Rather than signaling a progressive shift away from a papacy rocked by sexual abuse coverups and a hard-line approach to women’s reproductive rights and sexual health, Chris Lerch worries the next pope will lead the church even further in the other direction:
“I think Benedict’s resignation won’t affect the status quo. Unlike his predecessors, he will be able to influence the choosing of his successor. That means the church will continue to distance itself from the reforms of Vatican II. There was optimism in the late ’60s and ’70s that the church was changing, and that you would see a turn away from dogma and toward a modern model. Everything seemed possible: an equal role for women, a reevaluation of birth control, a welcoming of all people to the Sacraments. Instead we had regression and a hard conservative line that continues to drive more and more Catholics away.”
For Jane Smith, a lack of transparency isn’t only incompatible with her religious experience, but with a generation that values open access to information and questions everything:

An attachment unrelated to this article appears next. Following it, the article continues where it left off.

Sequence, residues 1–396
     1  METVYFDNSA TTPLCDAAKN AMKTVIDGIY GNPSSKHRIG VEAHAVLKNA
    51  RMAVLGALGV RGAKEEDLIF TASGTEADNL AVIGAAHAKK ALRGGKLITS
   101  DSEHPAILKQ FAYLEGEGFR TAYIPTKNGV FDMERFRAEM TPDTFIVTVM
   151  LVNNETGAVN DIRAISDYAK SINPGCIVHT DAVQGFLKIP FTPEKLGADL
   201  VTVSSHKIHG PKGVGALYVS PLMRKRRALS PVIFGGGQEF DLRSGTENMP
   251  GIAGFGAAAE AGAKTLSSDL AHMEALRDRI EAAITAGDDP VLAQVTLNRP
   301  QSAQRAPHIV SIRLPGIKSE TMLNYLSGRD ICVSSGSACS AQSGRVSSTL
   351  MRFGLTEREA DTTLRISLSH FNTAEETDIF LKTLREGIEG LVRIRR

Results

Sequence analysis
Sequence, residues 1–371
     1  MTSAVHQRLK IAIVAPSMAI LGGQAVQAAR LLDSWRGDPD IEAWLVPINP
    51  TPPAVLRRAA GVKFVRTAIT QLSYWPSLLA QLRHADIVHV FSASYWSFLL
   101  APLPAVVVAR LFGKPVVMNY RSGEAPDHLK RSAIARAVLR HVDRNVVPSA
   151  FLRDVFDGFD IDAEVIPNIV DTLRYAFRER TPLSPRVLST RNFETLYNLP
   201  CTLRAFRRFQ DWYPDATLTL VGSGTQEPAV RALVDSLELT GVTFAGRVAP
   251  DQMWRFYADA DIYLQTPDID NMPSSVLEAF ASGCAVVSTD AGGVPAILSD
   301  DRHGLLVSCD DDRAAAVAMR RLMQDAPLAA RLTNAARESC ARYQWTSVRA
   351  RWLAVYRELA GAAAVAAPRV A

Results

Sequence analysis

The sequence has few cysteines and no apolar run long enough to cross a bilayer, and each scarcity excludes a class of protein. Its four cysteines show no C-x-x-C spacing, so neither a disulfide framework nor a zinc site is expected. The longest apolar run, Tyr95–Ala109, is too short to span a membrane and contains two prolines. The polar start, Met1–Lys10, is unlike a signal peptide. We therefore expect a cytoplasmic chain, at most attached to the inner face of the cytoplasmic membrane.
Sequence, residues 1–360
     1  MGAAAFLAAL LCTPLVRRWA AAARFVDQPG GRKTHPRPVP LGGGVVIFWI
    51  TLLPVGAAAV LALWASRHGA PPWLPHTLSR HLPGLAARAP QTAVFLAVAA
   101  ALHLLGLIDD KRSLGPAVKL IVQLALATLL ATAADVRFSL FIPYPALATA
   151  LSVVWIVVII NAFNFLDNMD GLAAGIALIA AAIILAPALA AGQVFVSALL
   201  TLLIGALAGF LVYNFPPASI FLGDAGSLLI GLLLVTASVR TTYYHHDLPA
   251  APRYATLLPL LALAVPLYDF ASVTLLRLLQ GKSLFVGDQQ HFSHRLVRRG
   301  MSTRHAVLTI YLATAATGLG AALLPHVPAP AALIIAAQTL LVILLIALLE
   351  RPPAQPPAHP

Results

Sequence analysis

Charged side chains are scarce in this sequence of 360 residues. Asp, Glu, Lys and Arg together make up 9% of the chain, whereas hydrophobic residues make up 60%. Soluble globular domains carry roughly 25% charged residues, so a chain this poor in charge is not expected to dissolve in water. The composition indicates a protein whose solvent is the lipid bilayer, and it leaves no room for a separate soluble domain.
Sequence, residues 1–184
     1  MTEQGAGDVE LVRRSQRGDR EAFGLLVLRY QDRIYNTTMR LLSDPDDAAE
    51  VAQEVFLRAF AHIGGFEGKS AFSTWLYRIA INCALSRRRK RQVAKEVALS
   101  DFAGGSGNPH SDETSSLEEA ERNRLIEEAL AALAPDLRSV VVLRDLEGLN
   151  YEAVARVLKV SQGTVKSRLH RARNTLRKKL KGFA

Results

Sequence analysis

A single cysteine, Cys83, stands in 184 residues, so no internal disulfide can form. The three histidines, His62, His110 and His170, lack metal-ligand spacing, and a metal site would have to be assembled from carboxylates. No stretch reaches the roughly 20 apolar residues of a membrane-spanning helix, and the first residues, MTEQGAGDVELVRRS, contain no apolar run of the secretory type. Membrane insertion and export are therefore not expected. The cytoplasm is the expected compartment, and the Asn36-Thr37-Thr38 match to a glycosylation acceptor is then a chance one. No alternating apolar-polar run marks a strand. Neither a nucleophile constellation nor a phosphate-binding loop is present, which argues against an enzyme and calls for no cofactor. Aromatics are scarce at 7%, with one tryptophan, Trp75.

“You can’t expect individuals to follow blindly anymore. We live in the Instant Information Age; we will not be shut down when we question. We will not be cast out when we ask why. We’ll just look it up, form our own opinions and leave the fossils buried in the dirt, when we walk away. I’ll always believe in God, but I’ll never follow anyone quite so blindly again.”
The church is out of touch, so much so that Claire Celsi left it to none other than Taylor Swift to express her feelings:
“In the words of Taylor Swift, I would ‘never, ever, ever’ become a Catholic again. Or any religion, for that matter. About 10 years ago, I was a practicing Catholic and very involved in my church. Over the period of about a year, I slowly realized that the Catholic Church was a biased, out of touch and broken institution that was completely irrelevant to my life. I could no longer justify the amount of time and energy I had put into the church, even though I loved the people I met there.
“Specifically, it was the teachings on birth control, women’s roles in the church (especially the witch hunt on nuns), and the church’s sex scandals and protection of pedophiles that caused me to leave and now I’m an atheist. I realized that each religion has its own untenable ancient beliefs that defy not only reality but are irrelevant to modern life … The hypocrisy was too stark. I’m out.”